Movies of 1997 Bracket Game: Jackie Brown vs The Game
Today we have a matchup between films by two unique and widely admired directors who aren’t afraid of taking on violent or upsetting subject matter. Unfortunately, despite our admiration for both of these movies, neither one managed to fulfill expectations at the box office. The Game spent a week in the number one spot and raked in more than $100 million (if you include overseas receipts), but when compared to Fincher’s hit Se7en from just two years prior, this number had to feel disappointing to the film’s producers. The fact that the film’s production budget is not easily available also suggests that Fincher and company might have over-spent on it. Meanwhile, Jackie Brown‘s production budget was a pretty reasonable twelve million dollars, which would make its eventual domestic gross of close to forty million more than acceptable in most cases. But, like Fincher, Tarantino’s most recent full-length project Pulp Fiction had not established reasonable expectations for some people, not only because of its domestic take of more than $100 million, but because the director had become a star in his ow right. Both have continued to do the kind of work they’ve wanted to and have had some successes along the way, making these movies simply look like well-reviewed base hits in the long run. But which one do we want to stick around another round in our game?
Well, it looks like we’ve got our first relatively comfortable victory. Most of our commenters expressed affection for Harrison Ford’s fun “Die Hard with the President on a plane” movie, but the more sophisticated crime picture L.A. Confidential was not a good matchup for Ford and company, sending him and his plane packing. L.A. Confidential will face the winner of today’s match in our next round.
Quentin Tarantino has probably been the most important and influential director of the last quarter century. Not because his films are always genius level work (sometimes they’re great, sometimes they’re wildly overrated), but because of where he came from and what he decided he wanted to do. Tarantino was perhaps appropriately named after a character played by Burt Reynolds in the long-running television western “Gunsmoke,” where he appeared for fifty episodes. He responded in part, by writing an early script based on Reynolds’ hit movie Smokey & the Bandit. Tarantino took his love of low culture and elevated it through obsessive attention to detail and the application of high level cinematic technique, helping to make it an important part of mainstream culture in the 1990s. His use of pop culture references and non-linear storytelling were prime components in creating first the breakout indie heist flick Reservoir Dogs and then the critical and box office champ Pulp Fiction. Before you knew what hit you, your local cineplex was practically buried in criminals and other n’er do wells who spent a lot of time talking about movies and other cultural touchstones of the preceding fifty years. Unfortunately, most of the Tarantino apers only adopted his approaches in the most surface of ways and it didn’t take long for any steady filmgoer to get tired of it. Artists have now pivoted from pop culture references and turned them into what we now call “easter eggs,” leaving Quentin to go his own way with his always expanding, but somehow also very insular cinematic world.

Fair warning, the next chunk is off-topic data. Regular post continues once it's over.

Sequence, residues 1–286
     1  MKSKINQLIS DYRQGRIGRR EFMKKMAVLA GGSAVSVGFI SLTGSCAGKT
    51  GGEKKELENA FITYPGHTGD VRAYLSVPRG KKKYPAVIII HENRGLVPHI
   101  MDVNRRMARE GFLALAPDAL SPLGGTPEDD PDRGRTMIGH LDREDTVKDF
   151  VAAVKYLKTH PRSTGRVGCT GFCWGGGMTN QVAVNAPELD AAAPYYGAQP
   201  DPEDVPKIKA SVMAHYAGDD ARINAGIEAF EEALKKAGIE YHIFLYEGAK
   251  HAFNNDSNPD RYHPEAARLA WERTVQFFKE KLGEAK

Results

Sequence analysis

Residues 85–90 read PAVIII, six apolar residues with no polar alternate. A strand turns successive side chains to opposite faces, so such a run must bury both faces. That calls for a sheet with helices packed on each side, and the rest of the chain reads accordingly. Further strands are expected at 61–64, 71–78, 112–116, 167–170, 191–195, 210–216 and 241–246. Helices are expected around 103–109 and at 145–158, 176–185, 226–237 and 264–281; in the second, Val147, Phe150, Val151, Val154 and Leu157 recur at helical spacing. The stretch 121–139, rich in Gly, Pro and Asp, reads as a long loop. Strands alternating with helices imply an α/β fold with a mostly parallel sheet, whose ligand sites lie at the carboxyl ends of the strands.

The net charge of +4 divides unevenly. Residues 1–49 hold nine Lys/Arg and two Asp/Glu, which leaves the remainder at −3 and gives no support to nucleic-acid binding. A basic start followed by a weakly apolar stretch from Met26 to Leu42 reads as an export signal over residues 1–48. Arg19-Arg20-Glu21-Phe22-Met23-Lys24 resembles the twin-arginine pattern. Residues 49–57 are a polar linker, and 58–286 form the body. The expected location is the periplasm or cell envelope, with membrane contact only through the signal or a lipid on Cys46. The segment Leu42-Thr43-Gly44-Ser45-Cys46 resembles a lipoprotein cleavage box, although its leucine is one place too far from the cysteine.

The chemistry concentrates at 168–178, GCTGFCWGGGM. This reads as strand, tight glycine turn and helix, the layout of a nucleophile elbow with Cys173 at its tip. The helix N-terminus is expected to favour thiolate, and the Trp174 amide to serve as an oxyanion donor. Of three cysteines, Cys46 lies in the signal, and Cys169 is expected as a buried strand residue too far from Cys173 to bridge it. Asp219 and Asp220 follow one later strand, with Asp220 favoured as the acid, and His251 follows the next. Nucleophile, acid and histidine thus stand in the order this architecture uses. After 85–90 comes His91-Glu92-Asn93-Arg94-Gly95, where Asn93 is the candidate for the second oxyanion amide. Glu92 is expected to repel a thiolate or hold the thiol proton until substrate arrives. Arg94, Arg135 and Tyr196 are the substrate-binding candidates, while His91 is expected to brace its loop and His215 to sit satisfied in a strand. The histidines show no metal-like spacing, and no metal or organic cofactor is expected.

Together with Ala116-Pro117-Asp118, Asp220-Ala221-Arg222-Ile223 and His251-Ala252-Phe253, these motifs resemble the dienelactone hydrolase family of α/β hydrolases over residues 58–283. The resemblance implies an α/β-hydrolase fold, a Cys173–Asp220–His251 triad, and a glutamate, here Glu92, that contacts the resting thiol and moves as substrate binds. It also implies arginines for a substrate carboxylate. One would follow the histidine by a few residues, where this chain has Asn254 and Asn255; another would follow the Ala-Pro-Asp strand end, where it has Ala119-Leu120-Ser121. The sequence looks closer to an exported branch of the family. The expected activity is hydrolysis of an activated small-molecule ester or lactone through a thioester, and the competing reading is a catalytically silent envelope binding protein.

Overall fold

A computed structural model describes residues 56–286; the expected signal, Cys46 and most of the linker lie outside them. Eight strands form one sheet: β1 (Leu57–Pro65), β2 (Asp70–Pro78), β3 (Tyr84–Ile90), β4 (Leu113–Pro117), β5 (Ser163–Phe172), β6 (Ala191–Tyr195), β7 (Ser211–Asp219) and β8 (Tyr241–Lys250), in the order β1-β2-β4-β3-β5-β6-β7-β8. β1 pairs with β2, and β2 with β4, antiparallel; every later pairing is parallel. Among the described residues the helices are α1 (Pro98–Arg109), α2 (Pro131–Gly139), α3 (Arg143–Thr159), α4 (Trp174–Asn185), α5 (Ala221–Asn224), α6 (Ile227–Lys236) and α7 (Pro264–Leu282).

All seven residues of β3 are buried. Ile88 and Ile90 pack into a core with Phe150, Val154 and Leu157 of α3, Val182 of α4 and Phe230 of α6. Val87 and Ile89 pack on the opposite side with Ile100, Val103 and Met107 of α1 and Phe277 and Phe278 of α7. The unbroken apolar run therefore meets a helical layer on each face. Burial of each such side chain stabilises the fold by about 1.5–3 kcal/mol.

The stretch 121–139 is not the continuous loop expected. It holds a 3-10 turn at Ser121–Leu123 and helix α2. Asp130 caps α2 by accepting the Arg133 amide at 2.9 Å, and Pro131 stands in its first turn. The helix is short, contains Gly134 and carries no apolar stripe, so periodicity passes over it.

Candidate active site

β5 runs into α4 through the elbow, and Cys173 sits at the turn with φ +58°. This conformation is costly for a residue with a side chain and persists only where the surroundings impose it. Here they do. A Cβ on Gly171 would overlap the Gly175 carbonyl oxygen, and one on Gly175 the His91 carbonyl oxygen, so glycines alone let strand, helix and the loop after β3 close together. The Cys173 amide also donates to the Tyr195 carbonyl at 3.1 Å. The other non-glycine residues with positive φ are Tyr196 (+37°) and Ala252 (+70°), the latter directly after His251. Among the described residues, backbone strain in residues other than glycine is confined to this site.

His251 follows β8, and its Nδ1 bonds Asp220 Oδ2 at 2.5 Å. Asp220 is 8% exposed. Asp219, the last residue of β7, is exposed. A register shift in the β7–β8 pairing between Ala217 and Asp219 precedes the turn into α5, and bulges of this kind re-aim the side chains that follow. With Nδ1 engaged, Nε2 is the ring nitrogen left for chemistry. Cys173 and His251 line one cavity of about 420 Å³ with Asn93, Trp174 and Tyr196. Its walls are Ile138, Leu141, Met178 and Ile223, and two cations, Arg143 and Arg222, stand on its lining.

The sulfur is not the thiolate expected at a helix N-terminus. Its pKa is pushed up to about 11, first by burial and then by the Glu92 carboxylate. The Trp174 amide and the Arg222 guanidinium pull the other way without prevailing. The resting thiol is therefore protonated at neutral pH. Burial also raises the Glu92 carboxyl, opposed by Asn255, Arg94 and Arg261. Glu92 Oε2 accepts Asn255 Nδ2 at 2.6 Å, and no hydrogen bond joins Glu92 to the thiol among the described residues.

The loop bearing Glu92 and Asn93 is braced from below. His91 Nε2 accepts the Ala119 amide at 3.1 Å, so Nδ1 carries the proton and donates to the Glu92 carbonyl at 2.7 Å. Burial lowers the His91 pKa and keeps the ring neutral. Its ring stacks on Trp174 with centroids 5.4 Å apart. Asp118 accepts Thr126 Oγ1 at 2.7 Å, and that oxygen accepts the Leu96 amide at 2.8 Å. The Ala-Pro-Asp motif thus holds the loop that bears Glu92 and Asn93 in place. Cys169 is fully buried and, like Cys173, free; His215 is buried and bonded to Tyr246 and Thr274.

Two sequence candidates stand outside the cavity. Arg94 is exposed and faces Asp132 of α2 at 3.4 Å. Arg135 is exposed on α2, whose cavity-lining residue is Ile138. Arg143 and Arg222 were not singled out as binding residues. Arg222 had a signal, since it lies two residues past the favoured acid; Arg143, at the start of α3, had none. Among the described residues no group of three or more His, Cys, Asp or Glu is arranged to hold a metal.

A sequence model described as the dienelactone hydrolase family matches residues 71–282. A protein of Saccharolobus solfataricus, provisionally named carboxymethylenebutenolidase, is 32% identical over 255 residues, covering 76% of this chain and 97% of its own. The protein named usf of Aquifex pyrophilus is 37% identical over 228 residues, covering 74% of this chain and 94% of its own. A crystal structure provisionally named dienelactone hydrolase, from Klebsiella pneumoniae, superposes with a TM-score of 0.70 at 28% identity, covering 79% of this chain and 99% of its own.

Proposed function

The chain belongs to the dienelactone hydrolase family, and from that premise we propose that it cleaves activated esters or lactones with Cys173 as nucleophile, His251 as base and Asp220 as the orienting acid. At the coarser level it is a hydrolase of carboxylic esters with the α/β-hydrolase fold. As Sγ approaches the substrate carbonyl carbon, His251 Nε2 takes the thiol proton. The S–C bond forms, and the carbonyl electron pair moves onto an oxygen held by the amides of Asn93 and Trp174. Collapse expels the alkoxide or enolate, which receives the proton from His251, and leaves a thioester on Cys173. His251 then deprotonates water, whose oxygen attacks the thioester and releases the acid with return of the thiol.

David Fincher was similarly bitten by the filmmaking bug early in life. But his physical proximity to the effects of success have continued to inform his approach to his place in the industry. You see, David Fincher lived right next door to George Lucas as a young man. According to Fincher,”When I was ten years old, he was the guy who had done THX 1138. By the time I was twelve, he was the guy who did American Graffiti. By the time I was fifteen, he had done Star Wars. By the time Star Wars came out, this guy couldn’t go anywhere in town. He couldn’t walk into some place and not be the focus of it.” The way Fincher sees it, celebrity gets in the way of the job the director is trying to do. “One of the things I like about being a director is, when your plane is late, you are doing homework. Because you are sitting there in the lounge, listening to people talk. That’s your job. When you become the focus, when people feel like ‘I can’t act like myself, because that’s the guy who did whatever’, all of a sudden you lose an advantage.” I can’t speak from the point of view of a film director, but I will agree that people watching is a huge tool for any artist who attempts to tell a story with any real authenticity. He spent most of his early career, like many of his contemporaries, honing his craft by directing music videos. If you’re around my age, you’ll probably be able to conjure the visuals from the videos for songs like “Englishman in New York” by Sting, “Roll With It” by Stevie Winwood, “Vogue” by Madonna, “Cradle of Love” by Billy Idol, and “Freedom 90” by George Michael. Yeah, those were all his.
Allright, so I didn’t really talk much about either of these movies. If you want something more like that, you’ll have to convince your fellow readers to vote for the movie you want to learn more about. Throw in your own vote here and then make your argument in the comments section.